As Jim Hirsch points out in his August 3 blog entry, social media isn’t new anymore—it’s an everyday part of life and a primary conduit of breaking news. After I learned about Steve Jobs’ resignation from Apple not from radio or newspaper, but from Facebook, I found myself thinking about how much I value social networking sites as sources of information—portals to articles I might not otherwise read.
Mozart's Requiem was one of the first classical pieces I got to know, so I was preparing a blog entry that offered my perspective on this inspirational work. But when I heard Jane Glover talk about the Requiem, I decided her eloquence far surpassed my own. Click here to hear the author of Mozart's Women share a few of her insights.
(For more information about MOB's virtually sold-out performances of Mozart's Requiem on February 5 and 7, click here.)
I'll admit it: I've been involved in classical music long enough to be slightly cynical when it comes to the "old warhorses," the works that are trundled out repeatedly, I imagine, because they draw crowds. Just when I'm at my most jaded, I remember that these pieces are also performed because—though it may seem obvious to most—they're unforgettable artistic achievements. The last time I heard Messiah, for example (at Handel Week Festival 2009 in Oak Park), I had chills from the start of the opening tenor recitative, "Comfort ye, my people."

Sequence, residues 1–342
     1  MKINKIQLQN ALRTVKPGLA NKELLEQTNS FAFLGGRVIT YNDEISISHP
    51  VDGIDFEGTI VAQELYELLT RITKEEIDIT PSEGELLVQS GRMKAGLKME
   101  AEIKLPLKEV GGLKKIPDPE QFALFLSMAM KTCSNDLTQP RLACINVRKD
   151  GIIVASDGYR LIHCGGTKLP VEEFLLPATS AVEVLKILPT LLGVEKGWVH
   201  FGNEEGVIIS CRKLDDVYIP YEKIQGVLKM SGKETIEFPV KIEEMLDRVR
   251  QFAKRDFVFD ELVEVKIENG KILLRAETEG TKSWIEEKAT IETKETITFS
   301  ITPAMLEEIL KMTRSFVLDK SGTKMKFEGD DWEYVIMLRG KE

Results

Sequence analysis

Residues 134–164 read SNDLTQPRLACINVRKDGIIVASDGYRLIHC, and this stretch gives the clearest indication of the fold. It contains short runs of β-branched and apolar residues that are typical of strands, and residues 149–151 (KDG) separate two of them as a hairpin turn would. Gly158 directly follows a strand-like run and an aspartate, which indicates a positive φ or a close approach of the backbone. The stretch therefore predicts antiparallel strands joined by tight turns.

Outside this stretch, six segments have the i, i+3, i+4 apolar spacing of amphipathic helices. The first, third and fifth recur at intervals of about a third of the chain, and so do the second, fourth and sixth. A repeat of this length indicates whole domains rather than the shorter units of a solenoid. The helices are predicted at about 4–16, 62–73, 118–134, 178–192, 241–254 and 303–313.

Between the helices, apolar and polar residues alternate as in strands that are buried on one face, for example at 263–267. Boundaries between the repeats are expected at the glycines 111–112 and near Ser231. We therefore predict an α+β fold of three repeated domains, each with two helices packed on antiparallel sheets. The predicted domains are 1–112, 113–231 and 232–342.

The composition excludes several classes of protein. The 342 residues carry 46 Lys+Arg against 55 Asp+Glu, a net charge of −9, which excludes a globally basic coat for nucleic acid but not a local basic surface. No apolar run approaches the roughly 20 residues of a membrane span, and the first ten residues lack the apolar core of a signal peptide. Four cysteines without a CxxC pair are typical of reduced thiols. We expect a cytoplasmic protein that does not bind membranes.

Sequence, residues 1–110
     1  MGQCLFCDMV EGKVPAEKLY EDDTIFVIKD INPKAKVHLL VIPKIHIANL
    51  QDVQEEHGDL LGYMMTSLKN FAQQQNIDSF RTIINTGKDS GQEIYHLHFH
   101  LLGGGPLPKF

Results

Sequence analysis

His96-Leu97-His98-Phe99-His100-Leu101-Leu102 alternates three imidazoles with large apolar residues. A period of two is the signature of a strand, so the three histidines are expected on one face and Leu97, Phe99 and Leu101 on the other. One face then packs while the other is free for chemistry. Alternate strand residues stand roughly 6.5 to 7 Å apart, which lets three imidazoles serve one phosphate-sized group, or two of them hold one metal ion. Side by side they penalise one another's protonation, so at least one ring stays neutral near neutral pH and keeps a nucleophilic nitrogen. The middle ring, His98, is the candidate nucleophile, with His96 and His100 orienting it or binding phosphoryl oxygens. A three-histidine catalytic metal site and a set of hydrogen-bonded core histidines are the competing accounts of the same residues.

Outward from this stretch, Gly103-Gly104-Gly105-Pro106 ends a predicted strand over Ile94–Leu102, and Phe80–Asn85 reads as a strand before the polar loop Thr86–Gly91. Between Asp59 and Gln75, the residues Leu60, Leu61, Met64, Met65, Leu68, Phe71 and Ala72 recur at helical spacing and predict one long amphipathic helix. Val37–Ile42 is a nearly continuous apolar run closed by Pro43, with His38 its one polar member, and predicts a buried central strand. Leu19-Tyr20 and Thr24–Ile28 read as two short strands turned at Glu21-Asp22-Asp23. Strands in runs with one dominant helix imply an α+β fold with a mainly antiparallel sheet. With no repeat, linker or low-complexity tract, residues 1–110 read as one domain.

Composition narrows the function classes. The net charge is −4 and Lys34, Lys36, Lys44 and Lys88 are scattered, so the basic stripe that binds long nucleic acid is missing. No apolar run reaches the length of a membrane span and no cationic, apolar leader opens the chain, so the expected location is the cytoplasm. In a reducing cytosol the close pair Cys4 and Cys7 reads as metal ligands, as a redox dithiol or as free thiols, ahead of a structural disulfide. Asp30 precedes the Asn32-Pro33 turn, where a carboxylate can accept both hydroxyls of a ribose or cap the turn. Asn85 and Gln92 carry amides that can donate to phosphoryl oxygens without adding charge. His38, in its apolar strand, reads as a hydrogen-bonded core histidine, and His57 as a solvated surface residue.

Although the rushed purchase of back-to-school supplies heralds fall in our house, I know for sure that autumn has arrived when I start writing copy for Music of the Baroque’s program books. This week, I completed program notes for Handel’s Acis and Galatea, the charming and surprisingly short “pastoral entertainment” with which we’re opening our 2009-10 season on October 16.
It was a crisp fall Friday evening my freshman year in college, and I was at Handel’s Messiah. No, not a frat party (and there were plenty of those), nor eating the umpteenth pizza with friends (I probably did that later)—a nearly three-hour long oratorio. But I couldn’t convince any of my friends to go, even though this was several…okay, I’ll say it…decades ago when arts education in the schools was supposedly better.